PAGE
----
Perhaps if someone like Joseph Smith took me by the hand, as it were, and said to me: "Come! Let us go up and meet the Lord together!" I would be inspired. (That's what Joseph did with each of the Three Witnesses, introducing them to the heavenly keeper of the golden plates.) I have interacted with Jesus (by the power of His Holy Spirit) in the past. I therefore have full confidence (and recollection) that He is real and divine (though I have not handled Him in the flesh). A lot of water has passed "under the bridge" since then and I have "gone back to fishing," as it were, in many ways. (That's where "religion" helps keep us on the "straight and narrow", as it were...even when that "straight and narrow" is heading in the wrong direction! Most religions, if not all, are now heading in the wrong direction. Thus practicing any "religion" can be damning.)

The Denver Snuffer-produced, Testimony of St. John the Beloved "going back to fishing" account of Peter and his brethren (correlating with KJV John 21) portrays not "backpedaling" but something else entirely: Peter and his brethren are ushered into the presence of God and partake of heavenly things. Subsequent translators of John's record no doubt misunderstood these things, having never experienced them for themselves, and therefore altered the record to make it something more "palatable". As in the game of "telephone", this account has become what we have today, something quaint and charming and instructive -- worthy of any General Conference talk -- but infinitely less than what the record once suggested.

At this conference, I hope to mingle with and hear from those who have seen and spoken with Christ themselves. I hope to be reinvigorated with hope in Him once again. (That is the major purpose of Christian fellowship: to strengthen believers and to convict the unbelieving and disbelieving by the bearing of pure testimony.) 

The goal of the Christian priest ought not be merely to preach of Christ -- thus interjecting himself between us and Deity -- but rather to inspire us to come unto Christ ourselves. (Then to get himself out of the way!) 

Those I know of who claim to have met and currently interact with Christ do just that: they seek not to be followed, but urge all to come unto and follow Christ. THIS IS ONE MARK OF A TRUE MESSENGER. Those who build up churches to themselves, called after their own names, or who cannot testify of meeting, knowing and being saved by Christ personally (or of otherwise experiencing the powers of heaven) are universally witting or unwitting frauds. Except in the most indigent of circumstances, a minister for Christ ought to receive his "wages" from Christ and not from those he ministers to. (Those "wages" will be paid in the form of "treasures in heaven".)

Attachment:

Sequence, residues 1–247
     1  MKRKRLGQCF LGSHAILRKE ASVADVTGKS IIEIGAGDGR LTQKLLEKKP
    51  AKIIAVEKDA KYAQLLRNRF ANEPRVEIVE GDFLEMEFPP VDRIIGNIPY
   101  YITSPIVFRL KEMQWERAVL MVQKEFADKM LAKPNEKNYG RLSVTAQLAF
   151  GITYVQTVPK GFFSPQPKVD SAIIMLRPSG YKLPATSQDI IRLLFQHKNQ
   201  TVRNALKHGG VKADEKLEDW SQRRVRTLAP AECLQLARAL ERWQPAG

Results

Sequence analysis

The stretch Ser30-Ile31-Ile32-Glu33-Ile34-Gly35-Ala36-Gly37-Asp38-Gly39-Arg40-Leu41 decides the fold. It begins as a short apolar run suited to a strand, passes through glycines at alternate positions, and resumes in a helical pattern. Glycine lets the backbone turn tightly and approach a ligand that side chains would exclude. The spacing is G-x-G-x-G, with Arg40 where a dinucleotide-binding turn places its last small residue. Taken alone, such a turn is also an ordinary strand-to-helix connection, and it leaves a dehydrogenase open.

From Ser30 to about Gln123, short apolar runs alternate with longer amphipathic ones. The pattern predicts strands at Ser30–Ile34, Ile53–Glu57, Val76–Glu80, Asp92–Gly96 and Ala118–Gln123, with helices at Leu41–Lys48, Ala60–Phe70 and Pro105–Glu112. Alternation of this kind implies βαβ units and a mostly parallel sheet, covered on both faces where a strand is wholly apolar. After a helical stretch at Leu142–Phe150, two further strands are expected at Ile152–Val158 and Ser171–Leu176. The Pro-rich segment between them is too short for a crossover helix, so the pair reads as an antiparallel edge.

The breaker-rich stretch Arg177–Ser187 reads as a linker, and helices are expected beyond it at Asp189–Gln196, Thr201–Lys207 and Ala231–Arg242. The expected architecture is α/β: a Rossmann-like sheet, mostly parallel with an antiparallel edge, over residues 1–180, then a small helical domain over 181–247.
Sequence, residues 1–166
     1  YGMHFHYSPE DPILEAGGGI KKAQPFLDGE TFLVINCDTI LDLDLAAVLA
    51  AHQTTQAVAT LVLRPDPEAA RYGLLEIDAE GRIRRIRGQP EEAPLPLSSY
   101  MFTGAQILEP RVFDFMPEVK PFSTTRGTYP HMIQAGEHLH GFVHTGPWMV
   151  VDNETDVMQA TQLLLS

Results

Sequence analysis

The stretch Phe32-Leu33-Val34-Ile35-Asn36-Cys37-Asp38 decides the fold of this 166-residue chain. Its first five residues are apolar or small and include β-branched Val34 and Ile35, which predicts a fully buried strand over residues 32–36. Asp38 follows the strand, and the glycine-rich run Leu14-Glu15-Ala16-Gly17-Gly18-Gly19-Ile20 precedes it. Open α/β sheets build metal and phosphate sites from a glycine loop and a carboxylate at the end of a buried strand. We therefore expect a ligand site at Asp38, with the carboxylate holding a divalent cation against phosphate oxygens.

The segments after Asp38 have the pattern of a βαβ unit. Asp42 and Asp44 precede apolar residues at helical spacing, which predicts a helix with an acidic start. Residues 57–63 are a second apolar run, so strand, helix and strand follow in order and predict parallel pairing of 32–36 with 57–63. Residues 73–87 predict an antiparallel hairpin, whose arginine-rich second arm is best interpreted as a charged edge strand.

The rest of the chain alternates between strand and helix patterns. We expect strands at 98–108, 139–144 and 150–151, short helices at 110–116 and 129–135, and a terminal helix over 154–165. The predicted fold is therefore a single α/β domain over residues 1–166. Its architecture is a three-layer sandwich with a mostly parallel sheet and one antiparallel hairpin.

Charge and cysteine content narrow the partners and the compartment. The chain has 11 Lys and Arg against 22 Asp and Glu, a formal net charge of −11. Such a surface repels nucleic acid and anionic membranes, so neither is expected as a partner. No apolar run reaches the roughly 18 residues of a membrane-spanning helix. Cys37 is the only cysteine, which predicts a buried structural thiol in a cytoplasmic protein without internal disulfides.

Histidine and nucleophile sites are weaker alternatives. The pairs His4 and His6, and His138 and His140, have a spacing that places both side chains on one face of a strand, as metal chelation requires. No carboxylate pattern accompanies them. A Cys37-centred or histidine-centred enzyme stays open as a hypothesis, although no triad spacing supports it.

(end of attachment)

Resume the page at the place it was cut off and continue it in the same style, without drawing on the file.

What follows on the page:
That's about it. This conference will be a weekend of renewal and reflection for me, a chance to "meet and greet" with many, to form new friendships and to rekindle old ones. I hope to strengthen and be strengthened by my brothers and sisters in Christ. I may even bring a change of clothing. (In case I feel the urge to be re-baptized!)

It's a conference for those who wish to come unto Christ, to receive the doctrine of Christ, which is, namely, to believe Christ; to repent of all sin; to be baptized by water and His Spirit; to be cleansed and tutored by Him; to walk in a newness of life leading to eternal life (or lives, as the case may be). 

If I persist in following Jesus Christ, I have faith that He will "awaken" me not just to the possibilities of this life or to an understanding of who I am and who He is, but to receive the promise from Him, steadfast and unmoveable, that He will raise me up again at the Last Day, to live with Him, worlds without end, eventually to receive of His fulness and His glory, even as He received of His Father. 

I want to be with, be like and be even as Christ is. Huge shoes to fill, I know! Who can fill them? 

Only God.

I cannot be Christ in this life. (That's not my calling.) But I can be as Christ. I can be one who keeps the Father's commandments, who seeks to do his Father's will, who begins to call upon God to do His work and to be His hand. That's my goal. 

We must not lose sight of that. Anything less is mere religion. And religions don't "save" anyone.

No much anyway.